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Controlling the common littlenesses of human nature

by Rick Baker
On Aug 29, 2016

William MacDonald described Benjamin Franklin as a man who could control the common littleness of human nature1. It is clear MacDonald had tremendous respect for the special gifts Benjamin Franklin brought to Mankind, as a citizen of Philadelphia, Pennsylvania, the United States of America…and the rest of the world.

When MacDonald talked of Franklin controlling the littlenesses of human nature, he was describing Franklin’s innate ability to understand the littlenesses housed in himself and other people and adjust himself in order to get around those littlenesses so he and others could accomplish great things. 

By the mid-1700’s, when he was less than 50 years old, Benjamin Franklin had become a worldwide phenomenon…a true polymath…a true leader of men…a true leader of thought...a leader in scientific thought...a true hero.

Franklin’s accomplishments are mind-boggling.

As examples:

By his early 20’s Franklin was a self-made business success.

By his late 40’s Franklin was recognized [worldwide] as a gifted scientist.

Between those milestones he had:

  • created a mastermind, gathering intelligent friends to philosophize, share ideas and create practical solutions to Philadelphia's problems [his Junto, also known as the Leather Apron Club]
  • created time-management/personal-organization tools and decision-making tools...his pioneer work in this area lives on in legacy, for example - 'Franklin Covey'
  • co-founded an early [if not America’s first] subscription library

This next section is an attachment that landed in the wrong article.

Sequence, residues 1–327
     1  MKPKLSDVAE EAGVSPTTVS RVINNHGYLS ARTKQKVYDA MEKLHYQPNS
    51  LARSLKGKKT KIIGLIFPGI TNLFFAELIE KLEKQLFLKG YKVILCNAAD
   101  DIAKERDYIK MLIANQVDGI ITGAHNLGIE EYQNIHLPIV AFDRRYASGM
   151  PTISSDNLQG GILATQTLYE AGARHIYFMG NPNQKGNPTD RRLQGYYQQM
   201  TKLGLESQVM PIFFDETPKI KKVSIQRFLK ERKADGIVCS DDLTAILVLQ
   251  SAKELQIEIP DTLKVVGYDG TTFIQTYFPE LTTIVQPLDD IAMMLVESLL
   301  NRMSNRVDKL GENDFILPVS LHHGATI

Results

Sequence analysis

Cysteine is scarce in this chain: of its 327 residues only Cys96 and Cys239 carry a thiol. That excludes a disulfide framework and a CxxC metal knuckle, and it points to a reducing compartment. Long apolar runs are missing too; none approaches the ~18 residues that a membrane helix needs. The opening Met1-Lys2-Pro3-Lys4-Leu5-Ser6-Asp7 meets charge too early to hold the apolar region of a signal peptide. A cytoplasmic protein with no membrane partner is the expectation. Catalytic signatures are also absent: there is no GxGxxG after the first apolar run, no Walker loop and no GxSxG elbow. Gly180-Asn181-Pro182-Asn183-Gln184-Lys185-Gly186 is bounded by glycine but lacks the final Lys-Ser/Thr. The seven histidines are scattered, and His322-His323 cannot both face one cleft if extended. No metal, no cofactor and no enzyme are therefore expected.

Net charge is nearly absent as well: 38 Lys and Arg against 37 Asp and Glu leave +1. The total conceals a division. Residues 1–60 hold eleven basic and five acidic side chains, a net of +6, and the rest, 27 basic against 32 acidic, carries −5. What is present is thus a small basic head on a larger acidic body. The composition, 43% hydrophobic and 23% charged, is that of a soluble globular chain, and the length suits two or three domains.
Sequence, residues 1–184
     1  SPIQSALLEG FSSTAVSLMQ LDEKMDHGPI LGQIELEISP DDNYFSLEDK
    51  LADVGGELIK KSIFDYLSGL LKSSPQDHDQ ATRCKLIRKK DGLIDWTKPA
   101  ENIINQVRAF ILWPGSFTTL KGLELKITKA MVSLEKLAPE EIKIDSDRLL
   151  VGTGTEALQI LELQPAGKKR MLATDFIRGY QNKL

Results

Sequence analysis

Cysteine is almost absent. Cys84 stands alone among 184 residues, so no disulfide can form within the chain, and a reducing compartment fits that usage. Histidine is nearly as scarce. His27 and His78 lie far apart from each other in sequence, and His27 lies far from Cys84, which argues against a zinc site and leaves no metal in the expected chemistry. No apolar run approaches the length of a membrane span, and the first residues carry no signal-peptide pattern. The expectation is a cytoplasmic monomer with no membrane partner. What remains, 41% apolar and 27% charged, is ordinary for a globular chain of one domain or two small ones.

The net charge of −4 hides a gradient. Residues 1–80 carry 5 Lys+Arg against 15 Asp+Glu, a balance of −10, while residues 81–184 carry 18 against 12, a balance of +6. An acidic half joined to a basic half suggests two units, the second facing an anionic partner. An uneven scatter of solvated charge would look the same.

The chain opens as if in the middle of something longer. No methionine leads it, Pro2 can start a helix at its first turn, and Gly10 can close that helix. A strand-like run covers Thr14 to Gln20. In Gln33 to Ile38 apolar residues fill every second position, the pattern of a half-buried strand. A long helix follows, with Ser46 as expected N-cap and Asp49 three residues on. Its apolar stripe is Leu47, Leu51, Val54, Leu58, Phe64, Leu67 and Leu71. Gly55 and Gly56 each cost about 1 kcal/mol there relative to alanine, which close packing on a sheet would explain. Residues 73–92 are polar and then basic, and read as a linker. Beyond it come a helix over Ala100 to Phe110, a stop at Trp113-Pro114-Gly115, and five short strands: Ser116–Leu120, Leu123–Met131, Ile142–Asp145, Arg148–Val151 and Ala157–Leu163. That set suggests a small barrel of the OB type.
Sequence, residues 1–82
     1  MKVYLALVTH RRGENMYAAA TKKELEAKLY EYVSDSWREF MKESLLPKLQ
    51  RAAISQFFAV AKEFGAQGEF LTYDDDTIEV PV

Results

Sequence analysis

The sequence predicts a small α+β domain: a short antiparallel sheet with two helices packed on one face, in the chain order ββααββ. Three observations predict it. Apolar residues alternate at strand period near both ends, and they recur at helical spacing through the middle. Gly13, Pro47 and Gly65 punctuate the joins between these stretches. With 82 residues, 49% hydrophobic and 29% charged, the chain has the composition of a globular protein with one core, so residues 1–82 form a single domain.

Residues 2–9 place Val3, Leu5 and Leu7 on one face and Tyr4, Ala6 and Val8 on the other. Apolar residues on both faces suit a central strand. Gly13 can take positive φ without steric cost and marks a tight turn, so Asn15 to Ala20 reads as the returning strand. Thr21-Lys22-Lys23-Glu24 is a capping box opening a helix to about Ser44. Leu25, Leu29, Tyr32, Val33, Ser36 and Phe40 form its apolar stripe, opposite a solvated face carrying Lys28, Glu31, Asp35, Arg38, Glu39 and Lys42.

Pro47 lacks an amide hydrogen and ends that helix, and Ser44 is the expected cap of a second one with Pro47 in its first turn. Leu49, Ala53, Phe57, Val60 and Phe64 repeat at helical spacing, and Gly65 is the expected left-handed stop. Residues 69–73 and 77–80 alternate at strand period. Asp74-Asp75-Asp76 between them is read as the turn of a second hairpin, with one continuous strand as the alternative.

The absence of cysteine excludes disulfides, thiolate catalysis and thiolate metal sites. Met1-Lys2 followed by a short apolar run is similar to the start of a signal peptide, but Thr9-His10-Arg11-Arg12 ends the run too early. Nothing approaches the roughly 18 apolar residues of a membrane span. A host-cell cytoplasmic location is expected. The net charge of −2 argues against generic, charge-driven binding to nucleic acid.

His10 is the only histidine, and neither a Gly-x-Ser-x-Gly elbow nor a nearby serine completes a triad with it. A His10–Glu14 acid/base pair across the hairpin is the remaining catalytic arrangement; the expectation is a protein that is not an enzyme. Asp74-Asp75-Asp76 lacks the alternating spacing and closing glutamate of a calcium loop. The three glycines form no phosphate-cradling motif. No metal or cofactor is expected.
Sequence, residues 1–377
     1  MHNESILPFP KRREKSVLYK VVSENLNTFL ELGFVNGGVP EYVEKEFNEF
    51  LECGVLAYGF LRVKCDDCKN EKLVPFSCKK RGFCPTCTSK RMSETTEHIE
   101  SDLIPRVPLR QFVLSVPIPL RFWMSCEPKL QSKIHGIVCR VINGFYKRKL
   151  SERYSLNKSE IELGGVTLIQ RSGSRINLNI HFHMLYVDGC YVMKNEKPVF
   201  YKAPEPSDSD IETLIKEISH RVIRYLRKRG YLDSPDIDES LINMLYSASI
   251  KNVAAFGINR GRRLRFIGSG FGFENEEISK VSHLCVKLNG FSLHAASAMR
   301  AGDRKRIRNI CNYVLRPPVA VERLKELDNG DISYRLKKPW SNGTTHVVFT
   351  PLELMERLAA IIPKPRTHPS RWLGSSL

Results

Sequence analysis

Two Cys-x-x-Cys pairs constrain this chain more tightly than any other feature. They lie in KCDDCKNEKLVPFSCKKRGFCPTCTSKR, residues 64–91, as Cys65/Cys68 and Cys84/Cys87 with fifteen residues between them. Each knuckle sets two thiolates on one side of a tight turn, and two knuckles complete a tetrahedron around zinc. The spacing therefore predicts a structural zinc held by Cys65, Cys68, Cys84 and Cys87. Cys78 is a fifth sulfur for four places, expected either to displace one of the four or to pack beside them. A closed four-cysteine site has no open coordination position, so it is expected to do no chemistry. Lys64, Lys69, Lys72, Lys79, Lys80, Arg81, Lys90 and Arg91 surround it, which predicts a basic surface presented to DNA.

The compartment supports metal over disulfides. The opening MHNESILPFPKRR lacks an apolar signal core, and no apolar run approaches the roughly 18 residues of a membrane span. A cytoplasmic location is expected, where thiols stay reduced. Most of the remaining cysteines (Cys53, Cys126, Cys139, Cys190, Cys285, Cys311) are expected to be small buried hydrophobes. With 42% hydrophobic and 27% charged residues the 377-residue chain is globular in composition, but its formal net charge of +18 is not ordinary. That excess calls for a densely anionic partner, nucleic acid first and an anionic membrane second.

• co-founded an academy that became the University of Pennsylvania
  • led the community movement that funded the first paving of roads in Philadelphia
  • built an international printing empire by creating partnerships, funding & franchising a series of strategically-located print shops 
  • built a successful newspaper - the Pennsylvania Gazette 
  • created a bestseller – 'Poor Richard’s Almanack'
  • created Philadelphia’s first volunteer fire brigade
  • taught himself French, Italian and Spanish languages
  • served as Philadelphia's postmaster
  • invented the Franklin Stove, an energy-efficient heating system still in use today…then refused to patent it because he felt he had benefited from others’ inventions so others should benefit from his

Of course, Franklin was a well-respected civic and provincial politician…long before he became America’s political representative to other nations prior to, during, and after the American Revolution.

Yes – Franklin was one of the 56 who risked the gallows2 by signing the Declaration of Independence in 1776.

And, of course, Ben Franklin did that experiment with a storm, lightning, a kite and a key…and he invented the lighting rod and the best methods of installing it. This invention illustrated to the world that electricity could be controlled, to a degree, by Mankind. That illustration helped introduce a new era of scientific thought and experimentation that is still advancing today. And the lightning rod saved countless lives and reduced, on a world-wide basis, damage and loss of property caused by lighting fires.

On top of these things, Franklin was a commissioned Colonel who built a series of fortresses to protect Pennsylvanians from the French and Indian invasions in the mid-1700's, He personally led Pennsylvanians into battle against these invading forces...he led peace talks with the native Indians and, after the war had ended, he ensured the protection of peaceful Indians from unruly Pennsylvanian mobs.

Benjamin Franklin did much more than these things.

Here's another sampling...